Book Finished: June 3rd, 2015
I had the opportunity to read a good deal of what’s available book-wise in the realm of social media and nonprofits during my thesis research. When I recently began a volunteer social media project for a local nonprofit, I looked to those same resources. I found some familiar titles, and searched for more recent information. Though not “recent,” it seems I missed this book in my research before. It may not have added anything groundbreaking to my particular research (more books aren’t necessarily better), but as a how-to manual, it’s a great read.
Social Change Anytime Everywhere focuses on social media’s capabilities for creating real action in your communities, rather than taking a broad look at how to use social media in a nonprofit setting. I could see the authors’ expertise in the area, and case studies are used to illustrate the major points of each chapter. For me, as someone who’s spent the time to understand why certain tactics are best from an academic standpoint, it was interesting to see situations where the principles had been applied in real life and what the results were.
I agreed with the authors’ perspective that organizations need to invest in staffing, planning, and financing for social media. They also provide a helpful guide to bringing management, coworkers, and donors on board with this concept. The book acknowledges the challenges nonprofits face in this regard, and how to address those obstacles.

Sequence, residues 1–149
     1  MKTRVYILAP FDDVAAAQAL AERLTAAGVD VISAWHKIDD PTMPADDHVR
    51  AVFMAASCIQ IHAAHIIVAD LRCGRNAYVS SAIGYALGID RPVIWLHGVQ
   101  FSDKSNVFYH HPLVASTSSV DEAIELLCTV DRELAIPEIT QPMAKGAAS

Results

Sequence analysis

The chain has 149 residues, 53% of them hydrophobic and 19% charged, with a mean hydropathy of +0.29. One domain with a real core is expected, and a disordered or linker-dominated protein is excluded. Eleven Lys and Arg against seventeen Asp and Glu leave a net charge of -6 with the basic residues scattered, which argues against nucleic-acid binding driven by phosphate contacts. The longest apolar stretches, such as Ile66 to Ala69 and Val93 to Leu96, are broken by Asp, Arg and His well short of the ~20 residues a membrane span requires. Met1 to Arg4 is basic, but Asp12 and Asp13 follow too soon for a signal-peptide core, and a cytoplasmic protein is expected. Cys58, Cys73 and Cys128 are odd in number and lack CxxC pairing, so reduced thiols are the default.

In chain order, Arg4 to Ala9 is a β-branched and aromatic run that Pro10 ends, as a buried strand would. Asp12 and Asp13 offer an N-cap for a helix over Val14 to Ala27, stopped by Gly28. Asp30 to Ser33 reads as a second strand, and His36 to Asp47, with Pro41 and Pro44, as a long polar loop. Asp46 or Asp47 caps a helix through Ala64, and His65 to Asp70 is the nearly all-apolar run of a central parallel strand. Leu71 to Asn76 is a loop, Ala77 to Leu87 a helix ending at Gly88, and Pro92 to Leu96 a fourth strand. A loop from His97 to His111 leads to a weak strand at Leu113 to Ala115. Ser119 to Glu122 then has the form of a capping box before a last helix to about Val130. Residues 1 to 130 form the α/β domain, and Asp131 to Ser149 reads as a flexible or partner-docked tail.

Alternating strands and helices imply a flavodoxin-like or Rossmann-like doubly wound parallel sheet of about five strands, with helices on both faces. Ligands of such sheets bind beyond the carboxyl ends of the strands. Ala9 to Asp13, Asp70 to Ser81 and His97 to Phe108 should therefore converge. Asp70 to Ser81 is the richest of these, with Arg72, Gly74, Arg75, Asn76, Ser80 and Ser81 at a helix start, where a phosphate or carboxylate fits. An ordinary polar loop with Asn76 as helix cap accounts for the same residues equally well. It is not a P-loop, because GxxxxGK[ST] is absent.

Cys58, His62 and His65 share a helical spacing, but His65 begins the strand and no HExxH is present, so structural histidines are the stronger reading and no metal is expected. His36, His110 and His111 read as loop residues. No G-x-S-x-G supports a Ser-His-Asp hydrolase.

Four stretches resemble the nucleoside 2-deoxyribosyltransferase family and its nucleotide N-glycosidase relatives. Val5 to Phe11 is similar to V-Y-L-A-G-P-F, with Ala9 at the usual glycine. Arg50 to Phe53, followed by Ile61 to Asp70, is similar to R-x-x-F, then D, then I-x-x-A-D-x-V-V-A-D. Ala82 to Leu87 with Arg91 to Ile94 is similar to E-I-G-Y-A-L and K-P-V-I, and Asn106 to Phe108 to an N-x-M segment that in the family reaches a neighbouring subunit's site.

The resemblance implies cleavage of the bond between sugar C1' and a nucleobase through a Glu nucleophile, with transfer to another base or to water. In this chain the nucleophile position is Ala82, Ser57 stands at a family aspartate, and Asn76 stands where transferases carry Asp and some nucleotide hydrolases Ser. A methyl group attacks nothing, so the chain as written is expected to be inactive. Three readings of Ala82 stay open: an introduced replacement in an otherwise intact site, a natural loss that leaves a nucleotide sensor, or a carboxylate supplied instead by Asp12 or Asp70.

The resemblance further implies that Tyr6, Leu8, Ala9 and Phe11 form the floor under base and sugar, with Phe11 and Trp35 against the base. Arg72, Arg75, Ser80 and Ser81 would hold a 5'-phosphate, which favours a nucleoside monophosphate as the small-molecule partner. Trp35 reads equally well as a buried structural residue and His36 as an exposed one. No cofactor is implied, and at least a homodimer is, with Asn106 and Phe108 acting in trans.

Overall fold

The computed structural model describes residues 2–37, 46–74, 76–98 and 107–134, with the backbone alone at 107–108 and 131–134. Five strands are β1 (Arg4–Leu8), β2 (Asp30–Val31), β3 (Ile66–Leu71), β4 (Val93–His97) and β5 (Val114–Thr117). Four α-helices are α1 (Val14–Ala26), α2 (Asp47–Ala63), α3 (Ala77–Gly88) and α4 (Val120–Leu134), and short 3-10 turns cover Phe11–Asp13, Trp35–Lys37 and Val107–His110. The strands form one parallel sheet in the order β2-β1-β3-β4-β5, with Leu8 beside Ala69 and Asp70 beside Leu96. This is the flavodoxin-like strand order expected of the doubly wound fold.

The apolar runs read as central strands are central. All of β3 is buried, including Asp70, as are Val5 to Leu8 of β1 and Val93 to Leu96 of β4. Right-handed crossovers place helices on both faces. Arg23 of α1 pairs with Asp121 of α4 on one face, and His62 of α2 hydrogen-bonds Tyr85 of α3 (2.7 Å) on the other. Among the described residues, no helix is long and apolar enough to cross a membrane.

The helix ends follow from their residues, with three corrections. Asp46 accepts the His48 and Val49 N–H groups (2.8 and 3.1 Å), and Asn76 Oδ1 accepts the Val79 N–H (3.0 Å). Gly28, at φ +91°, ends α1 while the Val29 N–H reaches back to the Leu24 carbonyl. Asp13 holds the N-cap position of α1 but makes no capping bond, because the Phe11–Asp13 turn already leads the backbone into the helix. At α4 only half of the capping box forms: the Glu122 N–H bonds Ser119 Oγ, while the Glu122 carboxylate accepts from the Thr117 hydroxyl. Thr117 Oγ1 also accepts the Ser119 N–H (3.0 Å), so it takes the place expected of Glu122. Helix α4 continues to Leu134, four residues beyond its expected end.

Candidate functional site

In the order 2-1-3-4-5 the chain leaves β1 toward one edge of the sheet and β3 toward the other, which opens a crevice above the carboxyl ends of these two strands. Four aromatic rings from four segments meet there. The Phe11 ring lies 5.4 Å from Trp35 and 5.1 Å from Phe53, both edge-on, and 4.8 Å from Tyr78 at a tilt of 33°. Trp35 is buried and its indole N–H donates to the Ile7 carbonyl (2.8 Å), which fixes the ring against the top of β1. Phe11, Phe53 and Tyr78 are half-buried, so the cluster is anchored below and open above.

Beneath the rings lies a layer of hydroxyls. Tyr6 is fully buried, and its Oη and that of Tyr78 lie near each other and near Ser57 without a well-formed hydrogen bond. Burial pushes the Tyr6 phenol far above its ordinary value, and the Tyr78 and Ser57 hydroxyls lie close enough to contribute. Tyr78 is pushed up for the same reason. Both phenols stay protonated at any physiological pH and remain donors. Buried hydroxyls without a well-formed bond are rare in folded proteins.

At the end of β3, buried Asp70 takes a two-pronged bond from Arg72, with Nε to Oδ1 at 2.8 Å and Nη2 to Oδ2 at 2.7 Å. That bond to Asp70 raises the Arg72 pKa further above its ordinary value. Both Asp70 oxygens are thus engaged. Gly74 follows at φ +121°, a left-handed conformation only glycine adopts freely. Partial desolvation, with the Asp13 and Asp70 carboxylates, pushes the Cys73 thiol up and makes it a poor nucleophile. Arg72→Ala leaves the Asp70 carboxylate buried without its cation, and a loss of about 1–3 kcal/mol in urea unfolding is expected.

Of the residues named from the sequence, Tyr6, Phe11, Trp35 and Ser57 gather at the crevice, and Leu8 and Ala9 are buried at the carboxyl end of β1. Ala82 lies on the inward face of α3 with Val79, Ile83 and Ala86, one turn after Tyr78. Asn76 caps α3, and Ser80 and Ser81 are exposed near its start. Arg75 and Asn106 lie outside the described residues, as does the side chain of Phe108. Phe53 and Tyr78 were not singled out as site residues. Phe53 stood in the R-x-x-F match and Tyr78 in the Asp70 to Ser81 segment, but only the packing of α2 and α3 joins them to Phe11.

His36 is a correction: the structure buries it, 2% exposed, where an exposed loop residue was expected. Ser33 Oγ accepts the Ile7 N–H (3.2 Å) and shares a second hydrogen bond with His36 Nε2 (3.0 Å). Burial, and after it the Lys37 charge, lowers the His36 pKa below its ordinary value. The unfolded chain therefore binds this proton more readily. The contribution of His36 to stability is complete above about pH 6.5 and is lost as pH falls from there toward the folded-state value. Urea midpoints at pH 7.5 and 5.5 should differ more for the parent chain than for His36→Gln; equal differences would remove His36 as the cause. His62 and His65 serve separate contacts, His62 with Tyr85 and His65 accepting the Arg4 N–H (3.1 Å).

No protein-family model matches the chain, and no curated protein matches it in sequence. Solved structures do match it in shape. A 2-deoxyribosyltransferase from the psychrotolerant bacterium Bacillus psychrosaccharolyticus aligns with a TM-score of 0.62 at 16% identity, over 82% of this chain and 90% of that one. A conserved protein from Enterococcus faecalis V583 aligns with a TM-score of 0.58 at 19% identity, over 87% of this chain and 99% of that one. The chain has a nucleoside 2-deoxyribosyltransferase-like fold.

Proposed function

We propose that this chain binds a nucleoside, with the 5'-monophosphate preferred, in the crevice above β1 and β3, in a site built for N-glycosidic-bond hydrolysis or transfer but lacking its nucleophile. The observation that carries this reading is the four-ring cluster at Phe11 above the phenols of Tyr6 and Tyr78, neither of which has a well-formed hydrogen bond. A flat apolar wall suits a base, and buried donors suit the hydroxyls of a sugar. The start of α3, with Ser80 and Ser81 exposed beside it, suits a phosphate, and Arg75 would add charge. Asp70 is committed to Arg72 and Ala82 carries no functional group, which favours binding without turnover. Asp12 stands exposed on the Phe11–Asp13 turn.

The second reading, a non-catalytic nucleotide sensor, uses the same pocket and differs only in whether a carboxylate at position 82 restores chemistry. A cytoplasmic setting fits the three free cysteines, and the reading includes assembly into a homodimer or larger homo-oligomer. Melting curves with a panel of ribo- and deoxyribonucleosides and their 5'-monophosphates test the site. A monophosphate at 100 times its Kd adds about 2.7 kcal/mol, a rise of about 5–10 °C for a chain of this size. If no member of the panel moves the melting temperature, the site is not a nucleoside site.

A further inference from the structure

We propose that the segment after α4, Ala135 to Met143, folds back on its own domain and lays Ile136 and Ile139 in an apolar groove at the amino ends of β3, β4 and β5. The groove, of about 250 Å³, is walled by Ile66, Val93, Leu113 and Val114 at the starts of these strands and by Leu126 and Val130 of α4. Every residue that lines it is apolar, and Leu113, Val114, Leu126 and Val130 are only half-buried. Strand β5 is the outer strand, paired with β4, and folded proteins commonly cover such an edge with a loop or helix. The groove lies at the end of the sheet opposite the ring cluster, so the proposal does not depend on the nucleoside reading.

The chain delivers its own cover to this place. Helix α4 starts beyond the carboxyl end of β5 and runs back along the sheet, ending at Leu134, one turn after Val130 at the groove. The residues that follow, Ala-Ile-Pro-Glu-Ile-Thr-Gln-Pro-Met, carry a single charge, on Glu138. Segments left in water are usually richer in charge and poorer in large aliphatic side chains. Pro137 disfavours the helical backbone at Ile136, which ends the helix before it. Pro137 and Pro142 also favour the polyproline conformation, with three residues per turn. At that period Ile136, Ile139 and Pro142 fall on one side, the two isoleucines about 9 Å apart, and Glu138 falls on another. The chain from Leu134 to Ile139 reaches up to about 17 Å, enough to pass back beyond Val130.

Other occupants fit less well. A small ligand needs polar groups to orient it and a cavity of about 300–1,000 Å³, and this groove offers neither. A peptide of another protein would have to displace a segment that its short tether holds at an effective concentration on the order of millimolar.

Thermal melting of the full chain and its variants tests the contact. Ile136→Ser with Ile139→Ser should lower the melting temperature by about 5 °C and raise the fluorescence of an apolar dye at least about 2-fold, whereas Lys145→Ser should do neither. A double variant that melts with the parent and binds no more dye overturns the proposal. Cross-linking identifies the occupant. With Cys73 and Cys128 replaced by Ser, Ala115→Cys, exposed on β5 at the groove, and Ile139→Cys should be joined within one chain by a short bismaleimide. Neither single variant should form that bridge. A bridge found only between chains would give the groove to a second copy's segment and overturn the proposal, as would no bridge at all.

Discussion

The only point I found myself disagreeing with the text on was their insistence that mobile is the next big thing, and that mobile campaigns need their own staff person. This text was published three years ago (ages in the internet world). Mobile has shown to be helpful for emergency donation campaigns in times of disaster, but not much more. I also am aware of the potential for targeted communications through the Bluetooth on our cell phones that many organizations are interested in. However, the world is not quite ready for that. The past year has shown Americans to be increasingly interested in privacy.
Overall, the text is a good introduction for those new to social media in this arena, and a good refresher for more advanced professionals. It’s certainly a book I can see myself referencing in the future.
What are your go-to social media resources and books?